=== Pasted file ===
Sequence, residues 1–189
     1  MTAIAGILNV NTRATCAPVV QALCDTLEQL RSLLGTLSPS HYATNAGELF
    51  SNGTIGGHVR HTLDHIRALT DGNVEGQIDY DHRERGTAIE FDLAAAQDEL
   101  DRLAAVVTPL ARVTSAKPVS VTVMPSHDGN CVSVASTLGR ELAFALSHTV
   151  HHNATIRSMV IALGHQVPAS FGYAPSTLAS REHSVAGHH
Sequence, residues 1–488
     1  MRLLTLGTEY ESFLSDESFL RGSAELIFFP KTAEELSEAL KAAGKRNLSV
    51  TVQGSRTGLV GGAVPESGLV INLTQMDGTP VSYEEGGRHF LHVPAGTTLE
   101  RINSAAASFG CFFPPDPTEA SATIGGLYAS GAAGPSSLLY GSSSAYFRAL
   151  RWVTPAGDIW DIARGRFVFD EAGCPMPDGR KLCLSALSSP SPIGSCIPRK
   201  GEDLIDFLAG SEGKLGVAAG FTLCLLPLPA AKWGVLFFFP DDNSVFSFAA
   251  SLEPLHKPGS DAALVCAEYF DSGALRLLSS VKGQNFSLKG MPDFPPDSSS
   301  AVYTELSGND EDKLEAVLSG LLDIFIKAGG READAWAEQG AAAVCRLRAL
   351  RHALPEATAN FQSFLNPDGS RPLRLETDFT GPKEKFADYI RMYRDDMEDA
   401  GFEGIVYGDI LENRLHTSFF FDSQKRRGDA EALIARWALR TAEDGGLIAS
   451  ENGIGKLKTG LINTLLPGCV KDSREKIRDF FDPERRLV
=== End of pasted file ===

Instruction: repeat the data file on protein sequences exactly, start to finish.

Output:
Sequence, residues 1–189
     1  MTAIAGILNV NTRATCAPVV QALCDTLEQL RSLLGTLSPS HYATNAGELF
    51  SNGTIGGHVR HTLDHIRALT DGNVEGQIDY DHRERGTAIE FDLAAAQDEL
   101  DRLAAVVTPL ARVTSAKPVS VTVMPSHDGN CVSVASTLGR ELAFALSHTV
   151  HHNATIRSMV IALGHQVPAS FGYAPSTLAS REHSVAGHH
Sequence, residues 1–488
     1  MRLLTLGTEY ESFLSDESFL RGSAELIFFP KTAEELSEAL KAAGKRNLSV
    51  TVQGSRTGLV GGAVPESGLV INLTQMDGTP VSYEEGGRHF LHVPAGTTLE
   101  RINSAAASFG CFFPPDPTEA SATIGGLYAS GAAGPSSLLY GSSSAYFRAL
   151  RWVTPAGDIW DIARGRFVFD EAGCPMPDGR KLCLSALSSP SPIGSCIPRK
   201  GEDLIDFLAG SEGKLGVAAG FTLCLLPLPA AKWGVLFFFP DDNSVFSFAA
   251  SLEPLHKPGS DAALVCAEYF DSGALRLLSS VKGQNFSLKG MPDFPPDSSS
   301  AVYTELSGND EDKLEAVLSG LLDIFIKAGG READAWAEQG AAAVCRLRAL
   351  RHALPEATAN FQSFLNPDGS RPLRLETDFT GPKEKFADYI RMYRDDMEDA
   401  GFEGIVYGDI LENRLHTSFF FDSQKRRGDA EALIARWALR TAEDGGLIAS
   451  ENGIGKLKTG LINTLLPGCV KDSREKIRDF FDPERRLV